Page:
KELOWNA – NDP leader Adrian Dix unveiled a forestry plan that was most striking for its lack of policy detail – except for a commitment to growing the size of government.
“We’ve been for waiting for a long time for the NDP to actually tell people what they are going to do and that was missing today,” says Forests Minister Steve Thomson. “The NDP’s forestry critic Norm Macdonald told said we wouldn’t see any details of their plans until after they “have a mandate,” it is clear from today’s photo-op that we will still have to wait for details.”
“Today’s photo-op by Adrian Dix was just re-announcing promises. The only new detail Dix revealed is a promise to recreate the 1990s Jobs Protection Commissioner, which forestry workers will need under an NDP government just like they did last time.”
Under skills training, Dix again talked the talk but offered no specifics about what he would do.
Under log exports, no mention of what actions and NDP government would take and how many people currently working in the forests would lose their job. And telling there was no mention of his leadership promise to introduce “a major increase in the provincial fees levied on raw logs.”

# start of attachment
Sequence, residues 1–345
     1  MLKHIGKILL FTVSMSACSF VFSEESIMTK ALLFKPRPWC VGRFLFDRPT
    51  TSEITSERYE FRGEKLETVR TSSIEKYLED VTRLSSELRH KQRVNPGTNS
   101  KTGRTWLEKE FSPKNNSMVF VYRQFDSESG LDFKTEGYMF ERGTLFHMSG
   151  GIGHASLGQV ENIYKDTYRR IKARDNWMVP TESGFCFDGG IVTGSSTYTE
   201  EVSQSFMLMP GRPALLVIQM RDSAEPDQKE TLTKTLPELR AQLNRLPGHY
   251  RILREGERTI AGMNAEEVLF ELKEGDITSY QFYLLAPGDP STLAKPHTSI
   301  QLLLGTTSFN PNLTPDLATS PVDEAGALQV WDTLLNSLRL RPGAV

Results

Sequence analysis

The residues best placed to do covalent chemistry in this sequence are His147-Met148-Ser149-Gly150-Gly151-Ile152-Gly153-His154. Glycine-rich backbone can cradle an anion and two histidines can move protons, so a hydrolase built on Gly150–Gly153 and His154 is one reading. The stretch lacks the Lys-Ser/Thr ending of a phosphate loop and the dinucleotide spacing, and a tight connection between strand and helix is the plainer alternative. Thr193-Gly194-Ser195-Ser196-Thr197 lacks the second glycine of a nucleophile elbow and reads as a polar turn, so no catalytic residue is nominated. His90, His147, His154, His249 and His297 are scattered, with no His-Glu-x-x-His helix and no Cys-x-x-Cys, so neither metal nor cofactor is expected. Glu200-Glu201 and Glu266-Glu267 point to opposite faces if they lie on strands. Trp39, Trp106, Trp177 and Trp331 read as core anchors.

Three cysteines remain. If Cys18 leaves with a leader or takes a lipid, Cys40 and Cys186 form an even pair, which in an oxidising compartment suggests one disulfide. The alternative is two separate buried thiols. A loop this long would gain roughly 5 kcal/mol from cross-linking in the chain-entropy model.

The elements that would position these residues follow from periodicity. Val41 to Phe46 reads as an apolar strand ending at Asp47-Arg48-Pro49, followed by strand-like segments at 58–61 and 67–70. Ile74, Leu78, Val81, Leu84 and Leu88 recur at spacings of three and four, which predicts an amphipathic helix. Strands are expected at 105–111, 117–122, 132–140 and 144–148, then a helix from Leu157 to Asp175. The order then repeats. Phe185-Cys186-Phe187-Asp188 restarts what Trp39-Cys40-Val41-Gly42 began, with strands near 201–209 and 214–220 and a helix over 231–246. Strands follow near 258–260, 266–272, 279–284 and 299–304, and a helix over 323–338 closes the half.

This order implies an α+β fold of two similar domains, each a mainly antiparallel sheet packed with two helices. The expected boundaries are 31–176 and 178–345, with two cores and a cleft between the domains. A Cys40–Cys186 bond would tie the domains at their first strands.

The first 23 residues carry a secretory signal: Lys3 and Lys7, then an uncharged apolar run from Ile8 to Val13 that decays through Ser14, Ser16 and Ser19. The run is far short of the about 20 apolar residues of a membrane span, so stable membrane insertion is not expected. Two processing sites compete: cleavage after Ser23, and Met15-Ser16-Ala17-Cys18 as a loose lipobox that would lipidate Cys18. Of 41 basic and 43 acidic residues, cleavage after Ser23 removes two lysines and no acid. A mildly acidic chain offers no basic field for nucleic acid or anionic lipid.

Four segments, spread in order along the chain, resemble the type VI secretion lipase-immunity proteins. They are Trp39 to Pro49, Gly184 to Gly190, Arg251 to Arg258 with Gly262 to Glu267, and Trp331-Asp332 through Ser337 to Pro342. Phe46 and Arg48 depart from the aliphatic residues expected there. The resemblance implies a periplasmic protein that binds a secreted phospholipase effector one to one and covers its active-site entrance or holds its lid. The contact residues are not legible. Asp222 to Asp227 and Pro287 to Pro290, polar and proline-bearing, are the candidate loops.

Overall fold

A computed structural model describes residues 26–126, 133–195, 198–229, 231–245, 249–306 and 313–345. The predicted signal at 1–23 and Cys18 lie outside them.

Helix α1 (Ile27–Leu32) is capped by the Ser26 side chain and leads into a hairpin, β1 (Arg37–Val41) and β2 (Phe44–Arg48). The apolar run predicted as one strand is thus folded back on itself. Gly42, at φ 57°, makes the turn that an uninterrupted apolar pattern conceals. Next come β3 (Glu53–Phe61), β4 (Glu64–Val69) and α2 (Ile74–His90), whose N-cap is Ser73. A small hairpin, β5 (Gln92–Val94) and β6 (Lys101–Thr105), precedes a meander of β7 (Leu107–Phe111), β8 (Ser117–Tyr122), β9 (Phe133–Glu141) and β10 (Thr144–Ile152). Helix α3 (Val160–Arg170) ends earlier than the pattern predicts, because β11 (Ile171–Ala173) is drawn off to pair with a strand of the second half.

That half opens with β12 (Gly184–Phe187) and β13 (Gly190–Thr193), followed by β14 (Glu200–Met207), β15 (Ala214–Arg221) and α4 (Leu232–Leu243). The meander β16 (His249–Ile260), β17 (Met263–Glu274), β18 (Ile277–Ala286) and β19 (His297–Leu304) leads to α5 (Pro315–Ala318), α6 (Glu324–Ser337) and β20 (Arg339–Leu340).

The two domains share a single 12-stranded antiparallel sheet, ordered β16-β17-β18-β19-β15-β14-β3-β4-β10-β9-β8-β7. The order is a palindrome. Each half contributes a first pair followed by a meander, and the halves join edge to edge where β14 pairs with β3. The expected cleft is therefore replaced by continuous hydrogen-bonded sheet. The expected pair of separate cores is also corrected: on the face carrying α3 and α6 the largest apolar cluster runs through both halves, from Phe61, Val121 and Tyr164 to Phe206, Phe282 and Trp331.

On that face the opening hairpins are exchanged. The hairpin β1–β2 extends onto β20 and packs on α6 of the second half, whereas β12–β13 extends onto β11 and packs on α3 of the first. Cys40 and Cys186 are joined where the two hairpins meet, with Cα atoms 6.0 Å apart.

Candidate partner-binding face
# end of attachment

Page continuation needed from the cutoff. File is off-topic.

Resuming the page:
Under their $100-million a year forestry health plan, Dix again failed to tell British Columbian’s how they would pay for it.
“After months of delay, I think British Columbians were expecting more,” said Thomson. “We’ve offered a detailed plan – whether its skills training, the BC Jobs Plan or our forestry plan. People know we’re about growing the economy and now we see the NDP are about growing government.”
While Dix did endorse the BC Liberals commitment to opening new markets, the NDP’s record tells a different.
“The NDP created the Jobs and Timber Accord and we lost 13,000 jobs and they created the Forest Practices Code that cost industry more than a billion dollars,” says Thomson. “We’ve taken a different approach and are working with industry. In particular, working to diversify our markets and as a result we’ve seen B.C. forest product sales clear $3 billion in 2012, which means a dozen mills are operating almost entirely because of exports to China.”